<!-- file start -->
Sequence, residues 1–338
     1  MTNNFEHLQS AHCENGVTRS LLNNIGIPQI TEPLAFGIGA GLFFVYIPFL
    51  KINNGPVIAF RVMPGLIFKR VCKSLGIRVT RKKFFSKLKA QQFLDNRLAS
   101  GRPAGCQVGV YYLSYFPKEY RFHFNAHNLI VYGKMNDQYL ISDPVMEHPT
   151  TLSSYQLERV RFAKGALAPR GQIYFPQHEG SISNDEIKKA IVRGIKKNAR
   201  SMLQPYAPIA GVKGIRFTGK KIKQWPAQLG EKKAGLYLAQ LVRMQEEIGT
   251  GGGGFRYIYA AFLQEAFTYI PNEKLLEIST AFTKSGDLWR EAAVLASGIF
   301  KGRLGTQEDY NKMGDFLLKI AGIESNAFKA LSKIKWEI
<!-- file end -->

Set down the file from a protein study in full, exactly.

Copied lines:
Sequence, residues 1–338
     1  MTNNFEHLQS AHCENGVTRS LLNNIGIPQI TEPLAFGIGA GLFFVYIPFL
    51  KINNGPVIAF RVMPGLIFKR VCKSLGIRVT RKKFFSKLKA QQFLDNRLAS
   101  GRPAGCQVGV YYLSYFPKEY RFHFNAHNLI VYGKMNDQYL ISDPVMEHPT
   151  TLSSYQLERV RFAKGALAPR GQIYFPQHEG SISNDEIKKA IVRGIKKNAR
   201  SMLQPYAPIA GVKGIRFTGK KIKQWPAQLG EKKAGLYLAQ LVRMQEEIGT
   251  GGGGFRYIYA AFLQEAFTYI PNEKLLEIST AFTKSGDLWR EAAVLASGIF
   301  KGRLGTQEDY NKMGDFLLKI AGIESNAFKA LSKIKWEI